This LGBTQ history month dive into the Virago Modern Classics list and discover some of our glorious, queer novels.
You know and love Mary Renault’s The Charioteer and The Well of Loneliness has been on your shelf for years – this year discover something new. Here are five must-read LGBTQ novels from the Virago Modern Classics archive:
Jessica and Jane have been living together for six months and are devoted friends - or are they? Jessica loves her friend with the cruelty of total possessiveness; Jane is rich, silly, and drinks rather too many brandy-and-sodas.
Watching from the sidelines, their friend Sylvester regrets that Jane should be 'loved and bullied and perhaps even murdered by that frightful Jessica', but decides it's none of his business. When the Irish gentleman George Playfair meets Jane, however, he thinks otherwise and entices her to Ireland where the battle for her devotion begins.
By the bestselling author of The Talented Mr Ripley, Carol and Strangers on a Train
Completed just months before Patricia Highsmith's death in 1995, Small g explores the labyrinthine intricacies of passion, sexuality, and jealousy in a charming tale of love misdirected.
'What is most remarkable in this novel is the empathy . . . with which Highsmith writes about gay men . . . one can imagine the small g existing, a piquant mixture of bohemianism and respectability, exactly as Highsmith describes it' Francis King, Spectator
At the 'small g', a Zurich bar known for its not exclusively gay clientele, the lives of a small community are played out one summer.
Rickie Markwalder is a designer whose lover Petey was brutally murdered. Rickie and his performing dog Lulu are regulars at the bar, as are vindictive Renate, a seamstress, and her teenage apprentice Luisa. Into their lives comes Teddie, impressionable and beautiful, and a catalyst for the series of events that will change everything.
Patricia Highsmith's final novel is an intricate exploration of love and sexuality, the depths of spite and the triumph of human kindness. It is a work that, in the tradition of Shakespeare's A Midsummer Night's Dream, shows us how bizarre and unpredictable love can be. Small g, in the words of her biographer Andrew Wilson, is an 'extended fairy tale suggesting that...happiness is precarious and...romance should be embraced.'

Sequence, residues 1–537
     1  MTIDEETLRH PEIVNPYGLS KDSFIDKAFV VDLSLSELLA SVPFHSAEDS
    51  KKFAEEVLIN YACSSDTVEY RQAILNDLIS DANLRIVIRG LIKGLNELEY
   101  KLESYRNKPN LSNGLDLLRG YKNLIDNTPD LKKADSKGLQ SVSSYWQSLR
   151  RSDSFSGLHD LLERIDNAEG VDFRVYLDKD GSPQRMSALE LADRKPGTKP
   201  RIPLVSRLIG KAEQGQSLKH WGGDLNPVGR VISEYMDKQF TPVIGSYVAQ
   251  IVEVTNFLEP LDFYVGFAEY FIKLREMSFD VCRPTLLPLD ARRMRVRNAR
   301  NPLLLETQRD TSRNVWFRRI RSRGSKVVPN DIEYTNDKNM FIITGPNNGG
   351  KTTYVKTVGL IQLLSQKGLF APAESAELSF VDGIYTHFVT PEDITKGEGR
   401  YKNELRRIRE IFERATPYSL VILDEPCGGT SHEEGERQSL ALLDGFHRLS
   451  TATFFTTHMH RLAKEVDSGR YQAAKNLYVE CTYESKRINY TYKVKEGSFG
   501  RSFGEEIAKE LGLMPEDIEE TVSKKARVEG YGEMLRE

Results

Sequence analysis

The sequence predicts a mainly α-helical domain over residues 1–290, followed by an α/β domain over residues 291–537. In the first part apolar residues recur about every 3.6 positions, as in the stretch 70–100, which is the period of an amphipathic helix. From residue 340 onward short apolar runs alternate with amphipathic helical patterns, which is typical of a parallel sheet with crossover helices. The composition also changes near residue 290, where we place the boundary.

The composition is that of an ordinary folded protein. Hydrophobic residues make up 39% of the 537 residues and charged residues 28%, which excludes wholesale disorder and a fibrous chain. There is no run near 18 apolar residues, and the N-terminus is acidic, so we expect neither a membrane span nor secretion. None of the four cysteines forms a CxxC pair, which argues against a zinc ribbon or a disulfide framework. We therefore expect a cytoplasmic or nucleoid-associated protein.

'The Lister diaries are the Dead Sea Scrolls of lesbian history; they changed everything. By resurrecting them and editing them with such loving attention and intelligence, Helena Whitbread has earned the gratitude of a whole generation' EMMA DONOGHUE
'Engaging, revealing, at times simply astonishing: Anne Lister's diaries are an indispensable read' SARAH WATERS
Anne Lister (1791-1840) was one of the most remarkable women of her time. Fearless and uncompromising, she was
determined to live life on her own terms, both financially and sexually. She wrote extensive diaries in 'crypthand', which
allowed her to record her life in intimate, and sometimes explicit, detail. When they were decoded by Helena Whitbread, lesbian history was changed for ever. This is the second volume of her diaries.
No Priest But Love begins in 1824. After an ill-fated love affair with a married woman, Anne Lister embarks on a journey alone to post-revolutionary Paris, a city alive with political intrigue. Here, she becomes romantically involved with a young widow, a relationship at odds with her social ambitions. Anne's efforts, firstly to extricate herself from this new 'scrape' and then to make a choice between the two women in her life, provides an absorbing sexual and social drama.
'[Anne Lister's] sense of self, and self-awareness, is what makes her modern to us. She was a woman exercising conscious choice. She controlled her cash and her body. At a time when women had to marry, or be looked after by a male relative, and when all their property on marriage passed to their husband, Anne Lister not only dodged the traps of being female, she set up a liaison with another woman that enhanced her own wealth and left both of them free to live as they wished . . . The diaries gave me courage' JEANETTE WINTERSON
CHALLENGE was Vita Sackville-West's second novel. It was ready to go to print in 1920, but the author suddenly changed her mind. This was not because she lacked confidence in her work, but because of the scandal it would have caused. CHALLENGE remained unpublished for over fifty years.
Vita's love affair with Violet Trefusis had reached its peak, and, eloping to France, they decided to abandon everything and everyone - children and husbands included - to spend the rest of their lives together. Although they returned to their families eventually, CHALLENGE remains a testament of their love, and was written during that period.
The hero, Julian, might be a Byronic young Englishman, and Eve the woman he adores; it may be an adventure tale about a revolt on a Greek island. But really, this is a love story, written in the presence of the beloved, and inspired by her. And, as its title implies, the novel is a challenge to the society that condemned Vita and her lover.
'Granny worked so hard at my rearing. She was a frustrated ladysmith and I was her last chance . . . This is the story of my years on her anvil. Whether she succeeded in making a lady out of me is for you to decide, but I will say one thing in my own favour before we begin. No matter which sex I went to bed with, I never smoked on the street.'
When Florence King was born, her Granny, a would-be Virginia grande dame, moved in. 'Anybody could have a family,' writes Miss King. 'She wanted a race all to herself.' Granny's dream of raising the perfect Southern belle failed dismally with her own daughter, a chain-smoking, baseball-playing tomboy given to wild expletives. Florence is Granny's last hope . . .
'I've never read so many perfect one-liners . . . This book is dynamite. Don't miss it' - Jeanette Winterston